Board a train in Baton Rouge and be in downtown New Orleans 90 minutes later.
It’s not a bad idea, said more than 75 percent of people in the corridor who participated in a recent quality of life survey taken by the Baton Rouge Area Foundation.
The idea of a passenger rail link between Baton Rouge and New Orleans has been around for about as long as there has been road construction on Interstate 10.
However, the idea has taken on added steam in recent months, though critics say rail is too costly to build and maintain.
A passenger rail line is part of the regional ingredient of an overall transportation plan being brought forward by Future BR, the city’s update of its comprehensive development plan that will be presented later this year to city officials for approval.
Already, passage of the Louisiana Intrastate Rail Compact in the 2010 Louisiana Legislative session creates a mechanism where two or more parishes or municipalities can form a quasi-government organization to provide for passenger rail transportation.
The New Orleans city council passed a resolution to enter into the compact agreement, with the anticipation that the Baton Rouge Metro Council will pass a similar resolution, said state Rep. Michael Jackson, No Party-Baton Rouge, a lead sponsor of the enabling legislation.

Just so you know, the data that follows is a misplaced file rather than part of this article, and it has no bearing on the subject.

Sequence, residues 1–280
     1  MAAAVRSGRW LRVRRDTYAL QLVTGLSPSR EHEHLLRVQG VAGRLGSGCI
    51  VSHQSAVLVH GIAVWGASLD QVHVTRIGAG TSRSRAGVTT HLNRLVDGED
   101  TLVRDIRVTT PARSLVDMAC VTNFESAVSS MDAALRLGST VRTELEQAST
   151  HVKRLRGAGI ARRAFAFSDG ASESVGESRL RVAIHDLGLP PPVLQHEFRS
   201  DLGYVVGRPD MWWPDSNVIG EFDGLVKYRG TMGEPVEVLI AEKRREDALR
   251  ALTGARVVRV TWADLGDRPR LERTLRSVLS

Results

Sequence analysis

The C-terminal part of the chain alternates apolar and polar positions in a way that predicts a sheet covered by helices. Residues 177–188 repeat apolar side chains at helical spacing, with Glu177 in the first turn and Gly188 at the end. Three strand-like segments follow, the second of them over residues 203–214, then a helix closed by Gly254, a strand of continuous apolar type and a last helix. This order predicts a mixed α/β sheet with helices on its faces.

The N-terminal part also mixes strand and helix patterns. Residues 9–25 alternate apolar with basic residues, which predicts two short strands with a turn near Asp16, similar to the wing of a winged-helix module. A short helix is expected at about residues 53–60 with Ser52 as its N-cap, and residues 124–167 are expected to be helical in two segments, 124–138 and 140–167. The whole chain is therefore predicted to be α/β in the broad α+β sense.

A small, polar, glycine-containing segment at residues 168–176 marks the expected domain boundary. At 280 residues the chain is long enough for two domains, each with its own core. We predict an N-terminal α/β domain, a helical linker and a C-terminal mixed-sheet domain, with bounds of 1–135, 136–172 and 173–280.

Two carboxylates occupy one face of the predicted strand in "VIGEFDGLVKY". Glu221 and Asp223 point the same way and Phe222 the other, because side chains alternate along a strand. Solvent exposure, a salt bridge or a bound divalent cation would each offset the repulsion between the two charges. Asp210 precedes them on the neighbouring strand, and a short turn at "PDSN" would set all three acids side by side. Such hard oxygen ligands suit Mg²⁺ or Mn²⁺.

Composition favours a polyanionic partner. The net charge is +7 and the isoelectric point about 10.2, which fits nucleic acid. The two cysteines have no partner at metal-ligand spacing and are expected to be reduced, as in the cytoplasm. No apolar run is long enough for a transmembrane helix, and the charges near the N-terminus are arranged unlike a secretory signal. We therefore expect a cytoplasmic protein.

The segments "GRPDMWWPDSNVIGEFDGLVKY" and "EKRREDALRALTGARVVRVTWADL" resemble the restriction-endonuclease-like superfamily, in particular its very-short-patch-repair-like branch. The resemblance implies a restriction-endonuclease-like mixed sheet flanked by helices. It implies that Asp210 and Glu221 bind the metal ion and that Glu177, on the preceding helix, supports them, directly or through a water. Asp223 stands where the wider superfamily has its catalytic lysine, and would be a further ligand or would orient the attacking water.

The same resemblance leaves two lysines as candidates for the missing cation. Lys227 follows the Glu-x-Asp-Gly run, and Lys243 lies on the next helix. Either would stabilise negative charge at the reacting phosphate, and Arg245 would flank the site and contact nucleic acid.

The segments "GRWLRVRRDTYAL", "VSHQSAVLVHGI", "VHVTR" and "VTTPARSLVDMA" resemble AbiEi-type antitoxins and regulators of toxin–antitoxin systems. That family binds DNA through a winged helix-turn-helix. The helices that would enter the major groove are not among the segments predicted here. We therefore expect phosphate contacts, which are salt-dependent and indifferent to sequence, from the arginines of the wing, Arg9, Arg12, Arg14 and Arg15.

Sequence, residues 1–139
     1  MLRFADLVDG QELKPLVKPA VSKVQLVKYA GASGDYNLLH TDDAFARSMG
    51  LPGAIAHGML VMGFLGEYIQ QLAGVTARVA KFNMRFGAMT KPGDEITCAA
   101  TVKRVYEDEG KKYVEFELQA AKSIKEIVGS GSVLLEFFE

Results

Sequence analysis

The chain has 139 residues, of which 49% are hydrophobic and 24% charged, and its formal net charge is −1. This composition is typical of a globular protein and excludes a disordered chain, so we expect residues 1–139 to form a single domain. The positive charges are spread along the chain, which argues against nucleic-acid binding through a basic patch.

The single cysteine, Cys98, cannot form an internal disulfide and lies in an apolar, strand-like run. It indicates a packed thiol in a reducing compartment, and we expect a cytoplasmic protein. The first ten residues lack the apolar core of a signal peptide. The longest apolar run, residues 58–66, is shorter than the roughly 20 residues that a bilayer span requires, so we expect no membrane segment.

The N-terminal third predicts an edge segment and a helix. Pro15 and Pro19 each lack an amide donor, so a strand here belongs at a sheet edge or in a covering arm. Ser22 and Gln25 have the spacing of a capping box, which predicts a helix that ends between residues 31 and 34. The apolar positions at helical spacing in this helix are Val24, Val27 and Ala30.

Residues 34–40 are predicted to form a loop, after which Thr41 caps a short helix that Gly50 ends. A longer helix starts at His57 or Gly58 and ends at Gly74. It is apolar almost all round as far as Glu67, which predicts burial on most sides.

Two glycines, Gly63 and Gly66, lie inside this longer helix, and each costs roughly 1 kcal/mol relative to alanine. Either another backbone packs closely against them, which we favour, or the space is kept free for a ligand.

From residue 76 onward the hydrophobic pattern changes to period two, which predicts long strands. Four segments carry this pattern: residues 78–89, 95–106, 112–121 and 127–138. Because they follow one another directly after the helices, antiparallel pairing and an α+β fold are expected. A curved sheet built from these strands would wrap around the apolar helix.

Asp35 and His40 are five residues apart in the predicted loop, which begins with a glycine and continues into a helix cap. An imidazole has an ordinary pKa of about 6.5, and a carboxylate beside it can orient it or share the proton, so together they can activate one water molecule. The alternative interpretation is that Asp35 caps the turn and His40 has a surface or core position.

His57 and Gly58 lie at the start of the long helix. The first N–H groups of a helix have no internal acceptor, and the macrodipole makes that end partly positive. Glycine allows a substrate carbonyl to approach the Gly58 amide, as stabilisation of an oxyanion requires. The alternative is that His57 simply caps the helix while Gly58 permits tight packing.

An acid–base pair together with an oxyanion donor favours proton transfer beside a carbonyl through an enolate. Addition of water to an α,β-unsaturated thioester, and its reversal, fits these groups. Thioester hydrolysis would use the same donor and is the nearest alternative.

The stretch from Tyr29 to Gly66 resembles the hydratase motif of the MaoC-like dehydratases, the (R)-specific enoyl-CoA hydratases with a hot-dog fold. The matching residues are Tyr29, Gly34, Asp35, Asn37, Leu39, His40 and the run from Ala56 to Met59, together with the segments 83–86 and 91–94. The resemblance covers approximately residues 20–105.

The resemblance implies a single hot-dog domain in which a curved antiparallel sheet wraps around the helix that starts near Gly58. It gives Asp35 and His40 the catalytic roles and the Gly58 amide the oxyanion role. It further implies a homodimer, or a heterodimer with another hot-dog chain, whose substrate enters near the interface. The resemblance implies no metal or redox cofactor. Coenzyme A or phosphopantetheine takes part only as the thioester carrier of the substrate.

“We’re waiting on Baton Rouge to do its part,” Jackson said recently.
An intrastate rail compact is only part of the comprehensive foundation needed for a regional rail service, say planners. When metro areas begin to view themselves as a single regional unit — known in planning parlance as a “super region” — they can better harness the federal transportation dollars needed for large-scale infrastructure projects, said Rachel DiResto, executive vice president at the Center for Planning Excellence in Baton Rouge.
“I would also argue that the economic futures of Baton Rouge and New Orleans regions are intertwined, which requires a large-scale super-regional approach to public and private, and transportation investments,” she added.
According to an April policy brief published by Connect, a super region made up of Baton Rouge and New Orleans — and the places in between — should include three primary ingredients: improved connections between Baton Rouge and New Orleans, improved transit within parishes and affordable, walkable transit-oriented communities. The region would be comprised of East Baton Rouge, Ascension, St. James, St. John the Baptist, St. Charles, Jefferson and Orleans parishes, according to the Connect report.
The passenger rail concept being proposed is a $450 million project that would use existing tracks.
The Future BR plan envisions a rail link from Midcity in Baton Rouge to the existing Union Passenger Terminal in New Orleans, with four stops between the two cities: south Baton Rouge, Gonzales, LaPlace and Louis Armstrong New Orleans International Airport.
Proponents of the project point to increasing traffic congestion, high gasoline prices and a desire for stronger business and commercial ties to New Orleans as reasons to pursue the plan.
“I think people would choose to make many different types of trips using rail — for shopping, work, recreation — as opposed to sitting in traffic congestion, if the system provided convenience and seamless integration with other modes of transit to get around once you get there,” said DiResto.